Okay, if you want to smack me for the title of this article, go right on ahead. I deserve it. The pun is atrocious. In fact, I don’t blame you for walking out right here, right now.
Still with me? Alright, for those of you that stuck around, you know the deal: Die Hard is the best Christmas movie ever. It’s got everything you could possibly want: terrorism, guns, crawling through vents, sarcasm, Bruce Willis before he went full-on diva. Alan Rickman is a positively delicious villain, and in the 1980s, its theme of terrorism as a red herring for a bold robbery of millions – millions, I tell you! – provided some much-needed commentary on the subject of grandiose greed. However, there’s something here that often gets missed in terms of why this film is so appealing. Something that hides in plain sight: Willis’s McClane is, at his core, a good dad and a loyal husband.
At first, it reads a bit like a plot device because, well, it’s a plot device. McClane is headed to Los Angeles from New York in order to reconnect with his estranged wife and kids. McClane is a tough cop that’s married to his job, and it’s placed an undue strain on his marriage; part of the issue stems from career-minded wife Holly (Bonnie Bedelia) forging her own identity amidst the more traditional backdrop of society, itself commentary on the divide between the desire for female autonomy and the steadfast cling to the perception of the ideal nuclear family roles. A cross-country move has caused this man to take a good, long look at what matters, and he wants sorely to reconnect with his wife and kids. So he buys the extra large bear, hops a plane and before you can say Bob’s your uncle, he’s on the West Coast and ready to play loving dad in a bid to prove to his wife and kids that he puts them first.
But that’s not all; that’s far too easy. You see, unlike most dads out there, John gets to prove that he would go the distance to save his floundering marriage in the way that was most appropriate for the not-as-emotionally enlightened 1980s: brute force and physical endurance. Most guys would send flowers and try to take out their lady loves on a date that involves dinner, dancing and tickets to the opera (I smell Die Fledermaus). In the 80s, movies often centered around the need to become someone else: someone cooler, someone better dressed, someone who went from geeky zero to suave hero (Exhibit A: Can’t Buy Me Love). Not John McClane. Nope. John takes on German terrorists with his bare hands, becoming even more lethal once he has a machine gun (ho ho ho). He crawls through vents. He zings with one-liners – both verbal and written – in a manner that’s sarcastically endearing. As if that’s not enough, he literally walks barefoot over glass. Think about that for a moment: in attending a party in a bid to win the affections of his estranged wife, this man walks over glass in his bare feet.
Let’s be perfectly frank here: for anyone that’s gone through relationship trouble, you know how tough it can be to try to go the extra mile for your partner when things are rough. When push comes to shove, chances are likely that if you’ve hit the point of separation, you’re more likely to break up in the end than not. That’s most likely not the person you’re going to walk over glass for. It’s easy enough to get on a plane and try to sell a pitch that the family should be kept together. Get 100 shaky couples in Nakatomi Plaza, give them Hans Gruber, and tell them what they’ll have to go through for their partners; chances are, many of them will shrug and say, as nicely as they can, “Fuck this.” John, though… he gets to be the ideal in this respect. He gets to endure physical task after battery after duct after foot slice after shoot out. The man is a machine that cares about saving his wife, and, therefore, his family.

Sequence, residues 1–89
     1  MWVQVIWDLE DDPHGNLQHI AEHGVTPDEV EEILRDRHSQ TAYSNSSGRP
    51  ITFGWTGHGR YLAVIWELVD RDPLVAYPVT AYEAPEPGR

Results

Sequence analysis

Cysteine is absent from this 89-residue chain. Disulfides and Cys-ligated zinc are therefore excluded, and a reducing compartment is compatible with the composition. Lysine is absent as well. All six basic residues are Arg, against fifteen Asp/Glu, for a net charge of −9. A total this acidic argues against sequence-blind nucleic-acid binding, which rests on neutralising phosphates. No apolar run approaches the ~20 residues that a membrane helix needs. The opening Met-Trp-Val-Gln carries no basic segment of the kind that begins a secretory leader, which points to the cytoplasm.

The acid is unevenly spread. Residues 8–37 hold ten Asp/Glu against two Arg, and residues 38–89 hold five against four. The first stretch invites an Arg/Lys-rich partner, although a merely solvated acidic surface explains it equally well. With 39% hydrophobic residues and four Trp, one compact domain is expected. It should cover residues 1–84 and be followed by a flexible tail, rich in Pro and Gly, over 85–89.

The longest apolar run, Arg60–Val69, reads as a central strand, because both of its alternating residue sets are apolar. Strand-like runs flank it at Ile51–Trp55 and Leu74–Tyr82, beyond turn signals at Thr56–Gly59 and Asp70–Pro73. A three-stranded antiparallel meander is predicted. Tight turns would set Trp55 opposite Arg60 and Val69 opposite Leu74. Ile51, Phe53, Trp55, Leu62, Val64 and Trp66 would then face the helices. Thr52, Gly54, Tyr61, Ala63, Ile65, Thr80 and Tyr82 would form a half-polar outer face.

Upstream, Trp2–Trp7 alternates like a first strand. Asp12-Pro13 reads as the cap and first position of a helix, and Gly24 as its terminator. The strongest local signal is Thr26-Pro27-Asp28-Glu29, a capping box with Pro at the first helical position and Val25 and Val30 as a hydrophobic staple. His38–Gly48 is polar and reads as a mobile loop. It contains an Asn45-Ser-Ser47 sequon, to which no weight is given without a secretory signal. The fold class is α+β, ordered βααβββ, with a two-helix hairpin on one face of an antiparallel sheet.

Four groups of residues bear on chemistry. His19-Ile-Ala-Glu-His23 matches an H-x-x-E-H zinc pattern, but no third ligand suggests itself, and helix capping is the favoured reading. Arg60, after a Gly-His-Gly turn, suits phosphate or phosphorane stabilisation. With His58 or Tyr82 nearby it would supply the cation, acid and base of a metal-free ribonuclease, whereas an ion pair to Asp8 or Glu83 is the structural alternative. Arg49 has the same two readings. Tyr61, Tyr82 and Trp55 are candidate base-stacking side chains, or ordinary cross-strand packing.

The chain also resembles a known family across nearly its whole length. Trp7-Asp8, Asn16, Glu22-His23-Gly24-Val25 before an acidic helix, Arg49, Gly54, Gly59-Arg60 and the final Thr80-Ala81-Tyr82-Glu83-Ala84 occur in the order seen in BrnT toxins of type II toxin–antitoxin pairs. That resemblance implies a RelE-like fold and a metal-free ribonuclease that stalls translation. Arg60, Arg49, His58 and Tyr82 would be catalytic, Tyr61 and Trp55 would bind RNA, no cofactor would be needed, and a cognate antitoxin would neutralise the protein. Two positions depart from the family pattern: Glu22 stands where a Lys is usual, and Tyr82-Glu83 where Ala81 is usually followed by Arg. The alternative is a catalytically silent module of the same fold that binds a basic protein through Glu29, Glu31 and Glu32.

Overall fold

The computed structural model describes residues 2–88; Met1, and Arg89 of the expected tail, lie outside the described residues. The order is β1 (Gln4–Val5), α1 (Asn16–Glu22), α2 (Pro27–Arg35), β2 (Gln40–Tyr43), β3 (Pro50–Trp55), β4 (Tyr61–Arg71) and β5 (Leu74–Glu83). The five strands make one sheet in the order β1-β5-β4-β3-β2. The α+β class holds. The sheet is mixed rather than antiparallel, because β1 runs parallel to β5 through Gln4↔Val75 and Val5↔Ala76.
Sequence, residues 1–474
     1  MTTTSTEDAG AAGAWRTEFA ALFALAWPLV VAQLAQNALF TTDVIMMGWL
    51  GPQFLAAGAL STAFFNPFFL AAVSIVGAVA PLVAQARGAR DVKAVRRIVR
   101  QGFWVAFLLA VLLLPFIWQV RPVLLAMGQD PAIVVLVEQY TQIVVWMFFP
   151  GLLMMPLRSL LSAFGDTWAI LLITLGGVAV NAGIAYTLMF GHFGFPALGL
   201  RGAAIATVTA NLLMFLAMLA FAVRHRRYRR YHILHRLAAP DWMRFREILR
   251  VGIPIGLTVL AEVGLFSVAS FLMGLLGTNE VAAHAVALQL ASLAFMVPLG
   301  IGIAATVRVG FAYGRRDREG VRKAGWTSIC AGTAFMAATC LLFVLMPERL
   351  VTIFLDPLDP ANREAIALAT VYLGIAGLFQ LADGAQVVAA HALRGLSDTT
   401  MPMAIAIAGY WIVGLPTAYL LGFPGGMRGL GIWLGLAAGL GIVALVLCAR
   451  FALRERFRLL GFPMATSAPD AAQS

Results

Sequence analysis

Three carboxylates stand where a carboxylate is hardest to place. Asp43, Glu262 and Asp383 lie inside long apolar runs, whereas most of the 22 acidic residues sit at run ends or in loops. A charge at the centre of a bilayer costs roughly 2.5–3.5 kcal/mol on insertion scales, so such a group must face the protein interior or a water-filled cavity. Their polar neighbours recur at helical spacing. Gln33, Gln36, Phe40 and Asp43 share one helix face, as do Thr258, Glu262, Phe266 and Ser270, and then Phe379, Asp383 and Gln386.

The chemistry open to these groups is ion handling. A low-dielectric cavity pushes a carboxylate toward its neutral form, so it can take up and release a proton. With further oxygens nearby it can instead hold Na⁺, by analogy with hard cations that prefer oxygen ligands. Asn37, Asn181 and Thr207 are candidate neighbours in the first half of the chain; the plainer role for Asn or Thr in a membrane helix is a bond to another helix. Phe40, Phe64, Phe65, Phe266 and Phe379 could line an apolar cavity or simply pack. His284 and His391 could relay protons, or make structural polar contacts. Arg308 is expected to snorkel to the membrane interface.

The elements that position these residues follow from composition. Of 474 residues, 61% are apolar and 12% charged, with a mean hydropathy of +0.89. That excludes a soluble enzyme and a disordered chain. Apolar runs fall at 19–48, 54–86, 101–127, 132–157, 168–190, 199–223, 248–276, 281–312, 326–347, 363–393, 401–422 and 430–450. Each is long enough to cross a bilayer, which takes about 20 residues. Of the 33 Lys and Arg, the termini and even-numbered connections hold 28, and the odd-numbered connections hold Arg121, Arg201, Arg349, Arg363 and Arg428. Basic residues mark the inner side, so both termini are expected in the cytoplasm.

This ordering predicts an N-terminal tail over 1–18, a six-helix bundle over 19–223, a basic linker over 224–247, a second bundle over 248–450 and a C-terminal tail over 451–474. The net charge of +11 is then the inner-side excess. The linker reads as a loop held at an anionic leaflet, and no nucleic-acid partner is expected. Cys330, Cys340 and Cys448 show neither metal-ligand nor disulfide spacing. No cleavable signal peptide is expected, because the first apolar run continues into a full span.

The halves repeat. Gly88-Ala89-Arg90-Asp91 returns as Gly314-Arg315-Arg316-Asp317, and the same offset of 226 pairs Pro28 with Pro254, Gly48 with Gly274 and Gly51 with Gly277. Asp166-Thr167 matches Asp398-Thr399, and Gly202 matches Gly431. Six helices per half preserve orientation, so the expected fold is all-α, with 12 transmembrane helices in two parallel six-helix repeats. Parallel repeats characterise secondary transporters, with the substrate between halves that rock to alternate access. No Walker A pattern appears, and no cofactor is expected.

You see, John McClane represents both an ideal family man and a good cop, and part of that is the notion that he would endure anything to keep the little guy safe. He’s a hero to the extreme. His dedication to cleaning up crime and not compromising his traditional ideals jeoparodized his marriage, so he wins it back by jacking up that behavior to the extreme. How can he prove that he’s right to Holly? By using brute force to save the day. Suddenly, his methods are totally justified, and in this moment, he’s exactly what we all need: he’s the man that can see the solution to the problem. He’s the tough guy that can take down the baddies. He saves not only an entire room full of people; he saves his wife’s colleagues from certain death. Imagine telling everyone at work that you dumped the guy that killed the terrorists that held everyone hostage on Christmas Eve. That guy’s someone you want to hang on to. After all, he proved how much he loves Holly by coming out to see her; it’s the action of defending her and, by extension, those around her in a bid to keep her safe. That’s a show of support for her life and career as well. It’s easy to construe it as the ideal actions of a man that’s a deep-down romantic: John McClane gets to kill for the woman he loves in order to prove that he’s the apotheosis of masculinity.
In the end, Die Hard manages to not only be an action film: it’s a statement on women’s rights, how men struggled with that transition, and how the romance can be re-injected into a flailing marriage through extreme displays of stereotypical masculine aggression. Do we need someone to place themselves into harm’s way for us? Not all of us do. But enough of us get the gesture, and let’s face it, we’d swoon if someone we loved kept us safe. Even if we weren’t in the best spot in our relationship. Proving once again that this film wears many hats and should be soundly praised.